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A saint revisited

In 'Kabir, Kabir', the author not only explores the words and lines of the Kabir archives but examines and provides fresh meaning to those of his disciples too
An 1825 CE painting depicting Kabir with a disciple.
An 1825 CE painting depicting Kabir with a disciple.
Wikimedia Commons

Nilanjan Mukhopadhyay   |   Published 24.12.21, 01:18 AM

BookKabir, Kabir: The Life and Work of the Early Modern Poet-Philosopher
Author: Purushottam Agrawal
Publisher: Westland
Price: Rs 599

For more than four decades, Purushottam Agrawal doggedly pursued the interpretation of Kabir — the poet-philosopher who remained a weaver and householder despite innate literary prowess, spiritual inclination and a sizeable band of followers — first as a postgraduate student, subsequently as a doctoral candidate and, eventually, as academic and writer. Unsurprisingly, over this period, Agrawal added multiple layers to his earliest perception of Kabir being principally a “poet of protest”. Consequently, his assessment of the medieval Bhakti poet assumed weighty dimensions.


By the time Agrawal published Akath Kahani Prem Ki: Kabir Ki Kavita Aur Unka Samay (Love is an Unspeakable Tale: Kabir’s Poetry and His Times) in 2009, he concluded that his 1985 PhD thesis had been woefully inadequate. This book in English, twelve years later, after much coaxing from the mythologist, Devdutt Pattanaik, whose lilting illustrations liberally break the text across the book, is self-declaredly not a translation but an elaboration of Agrawal’s exploration of Kabir and his thoughts. The timing for this is apt, if only for the stranglehold and the omnipresence of organized religion in today’s India. At a time when religion is routinely milked by politicians to further or acquire political power and by business-persons to add to their profits, this book enables the reader to find meaning in a poet who made interrogation of organized religion and religiosity his brief. For a man who wanted to establish the universality of his ‘belonging’ even in death, we have witnessed the strange paradox of attempts to appropriate his legacy, by, most conspicuously, Prime Minister Narendra Modi.

Agrawal elucidates a central belief of Kabir early on — whatever is to be achieved, or experienced, has to be done in the course of one life-span on earth; there was no afterlife in the poet-philosopher’s world view. Moksha, the illusive but much-chased goal in the Indian way of life, was for Kabir an objective when alive. It is this ability which perhaps enabled Kabir to talk and write about his own death. Much of this, of course, stemmed from his identity, a dual religious label that he wore — born a Muslim but living an extremely well-lived life as a Vaishnava but outside the domains of structured religion.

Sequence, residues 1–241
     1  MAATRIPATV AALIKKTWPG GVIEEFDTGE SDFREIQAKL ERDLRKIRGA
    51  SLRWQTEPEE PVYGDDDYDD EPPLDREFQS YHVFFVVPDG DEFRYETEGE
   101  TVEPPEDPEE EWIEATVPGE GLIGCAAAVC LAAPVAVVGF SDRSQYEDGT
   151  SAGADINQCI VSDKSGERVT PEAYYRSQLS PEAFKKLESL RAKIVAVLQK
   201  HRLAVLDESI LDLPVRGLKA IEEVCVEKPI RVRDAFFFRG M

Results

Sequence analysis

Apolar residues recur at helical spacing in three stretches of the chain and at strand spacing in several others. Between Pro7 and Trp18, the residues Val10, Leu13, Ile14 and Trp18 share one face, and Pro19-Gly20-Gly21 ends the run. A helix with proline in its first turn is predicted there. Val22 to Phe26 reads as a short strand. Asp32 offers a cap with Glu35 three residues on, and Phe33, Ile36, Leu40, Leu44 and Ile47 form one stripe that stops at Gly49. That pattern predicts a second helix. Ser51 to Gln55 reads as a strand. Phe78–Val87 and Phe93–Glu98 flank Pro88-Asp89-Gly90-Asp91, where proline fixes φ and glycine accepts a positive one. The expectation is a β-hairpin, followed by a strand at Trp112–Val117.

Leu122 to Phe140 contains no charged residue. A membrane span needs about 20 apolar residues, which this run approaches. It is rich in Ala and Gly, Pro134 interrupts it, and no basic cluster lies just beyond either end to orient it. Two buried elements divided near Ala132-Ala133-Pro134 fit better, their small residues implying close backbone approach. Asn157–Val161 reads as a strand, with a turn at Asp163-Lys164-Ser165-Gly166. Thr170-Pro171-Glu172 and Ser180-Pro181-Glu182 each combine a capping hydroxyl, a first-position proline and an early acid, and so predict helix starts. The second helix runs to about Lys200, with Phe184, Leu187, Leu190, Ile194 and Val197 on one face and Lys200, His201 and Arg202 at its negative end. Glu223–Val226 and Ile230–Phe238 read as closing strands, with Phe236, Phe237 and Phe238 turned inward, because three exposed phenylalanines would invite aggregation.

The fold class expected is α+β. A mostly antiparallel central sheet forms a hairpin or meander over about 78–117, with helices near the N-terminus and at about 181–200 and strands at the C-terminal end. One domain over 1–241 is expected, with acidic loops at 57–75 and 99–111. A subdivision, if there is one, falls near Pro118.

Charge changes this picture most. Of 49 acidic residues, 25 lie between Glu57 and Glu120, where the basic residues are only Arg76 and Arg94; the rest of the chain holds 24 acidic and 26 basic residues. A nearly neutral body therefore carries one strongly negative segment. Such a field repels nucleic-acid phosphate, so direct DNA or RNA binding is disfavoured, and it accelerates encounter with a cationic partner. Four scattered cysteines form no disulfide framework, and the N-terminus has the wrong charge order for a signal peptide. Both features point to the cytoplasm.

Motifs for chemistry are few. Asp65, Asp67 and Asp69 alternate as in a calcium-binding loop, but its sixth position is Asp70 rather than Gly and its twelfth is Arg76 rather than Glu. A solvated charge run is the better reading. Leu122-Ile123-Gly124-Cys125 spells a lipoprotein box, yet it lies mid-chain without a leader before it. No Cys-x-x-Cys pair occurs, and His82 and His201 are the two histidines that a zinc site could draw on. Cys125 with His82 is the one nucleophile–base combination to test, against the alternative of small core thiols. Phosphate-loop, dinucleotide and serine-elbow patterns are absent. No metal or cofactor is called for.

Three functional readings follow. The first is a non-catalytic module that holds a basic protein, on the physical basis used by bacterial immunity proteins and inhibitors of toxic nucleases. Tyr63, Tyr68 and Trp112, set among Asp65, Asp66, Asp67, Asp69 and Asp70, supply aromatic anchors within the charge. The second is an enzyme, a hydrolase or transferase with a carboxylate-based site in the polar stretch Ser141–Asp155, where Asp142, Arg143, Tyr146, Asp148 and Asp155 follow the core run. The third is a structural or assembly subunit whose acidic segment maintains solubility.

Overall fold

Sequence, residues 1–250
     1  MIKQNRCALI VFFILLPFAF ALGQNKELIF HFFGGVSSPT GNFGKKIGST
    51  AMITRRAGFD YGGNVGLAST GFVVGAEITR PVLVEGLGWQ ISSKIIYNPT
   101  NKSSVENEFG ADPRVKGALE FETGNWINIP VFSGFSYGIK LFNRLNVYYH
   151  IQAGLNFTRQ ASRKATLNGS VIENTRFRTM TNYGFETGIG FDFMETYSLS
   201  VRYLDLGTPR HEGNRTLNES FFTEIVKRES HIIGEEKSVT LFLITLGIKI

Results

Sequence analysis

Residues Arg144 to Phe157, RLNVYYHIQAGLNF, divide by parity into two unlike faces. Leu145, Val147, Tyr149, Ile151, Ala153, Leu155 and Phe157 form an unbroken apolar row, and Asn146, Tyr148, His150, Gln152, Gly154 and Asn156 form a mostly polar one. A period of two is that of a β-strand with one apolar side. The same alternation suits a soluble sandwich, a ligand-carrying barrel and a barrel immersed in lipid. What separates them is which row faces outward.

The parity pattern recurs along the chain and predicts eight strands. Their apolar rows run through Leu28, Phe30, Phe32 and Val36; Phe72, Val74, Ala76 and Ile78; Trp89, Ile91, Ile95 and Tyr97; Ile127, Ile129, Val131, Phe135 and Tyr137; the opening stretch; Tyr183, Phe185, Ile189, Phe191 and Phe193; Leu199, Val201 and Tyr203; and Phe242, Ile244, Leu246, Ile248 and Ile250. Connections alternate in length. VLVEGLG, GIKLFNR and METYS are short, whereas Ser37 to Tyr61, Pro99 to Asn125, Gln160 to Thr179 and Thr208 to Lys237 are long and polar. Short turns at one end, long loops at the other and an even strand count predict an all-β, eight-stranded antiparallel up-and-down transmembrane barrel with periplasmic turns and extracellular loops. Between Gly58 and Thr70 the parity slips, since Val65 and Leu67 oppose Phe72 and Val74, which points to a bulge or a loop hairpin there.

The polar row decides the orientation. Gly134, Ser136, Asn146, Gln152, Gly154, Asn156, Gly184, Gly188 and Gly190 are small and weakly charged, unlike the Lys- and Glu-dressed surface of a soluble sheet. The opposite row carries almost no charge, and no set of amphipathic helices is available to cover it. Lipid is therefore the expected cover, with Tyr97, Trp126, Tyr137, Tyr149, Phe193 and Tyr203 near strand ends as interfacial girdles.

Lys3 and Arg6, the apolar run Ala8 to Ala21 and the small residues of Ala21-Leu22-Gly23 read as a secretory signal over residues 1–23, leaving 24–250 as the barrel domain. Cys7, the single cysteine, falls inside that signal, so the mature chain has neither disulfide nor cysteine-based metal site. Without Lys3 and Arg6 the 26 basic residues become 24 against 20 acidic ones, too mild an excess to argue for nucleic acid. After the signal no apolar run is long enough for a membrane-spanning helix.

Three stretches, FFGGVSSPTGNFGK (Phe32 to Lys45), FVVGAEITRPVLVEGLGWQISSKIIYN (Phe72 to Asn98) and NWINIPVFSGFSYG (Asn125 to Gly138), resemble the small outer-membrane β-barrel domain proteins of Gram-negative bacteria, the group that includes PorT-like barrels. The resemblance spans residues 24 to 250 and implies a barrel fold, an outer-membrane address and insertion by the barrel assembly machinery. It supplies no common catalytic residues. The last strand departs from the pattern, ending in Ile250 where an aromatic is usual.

Significantly, Agrawal not only explores the words and lines of the Kabir archives but examines and provides fresh meaning to those of his disciples too — for instance, Anantdas. The author delineates the lines of Kabir’s pupil that depict the tussle between the Hindus and the Muslims among the poet’s followers after his death over the ritual to be followed and the manner of ‘disposing’ of his corpse. However, one cannot but agonize that the pandemic of social prejudice and hostility in today’s India is but a heart-rending failure of a legacy that flourishes, sadly, only in the remote corners of contemporary India. Because Kabir’s legacy, which is put across in great depth, is not a living tradition among masses of people; it gets acquired by leaders who mix up history. Can one forget that not long ago, the prime minister talked of Kabir, Guru Nanak and Baba Gorakhnath being characters from the same period despite them living lives separated by centuries?

Agrawal argues forcibly that Kabir’s was not a voice or a sentiment that existed on the margins but that he had an immense following. The admiration of people for Kabir and
his lines stemmed in great part from him giving greater value to human characteristics and not the birth identity.

Agrawal started out as a Hindi ‘literary critic’. But this book makes it evident that he has acquired the capacity of an interdisciplinary scholar. As a result, Kabir is placed not just within the meaning of his word, but also his times and the polity of the era. The extraordinary ordinariness of Kabir’s life and his work is sadly, more often than not, communicated with the ease and simplicity integral to the poet’s lines. This is not just Agrawal’s limitation but also that of the scholastic system he has grown up in.

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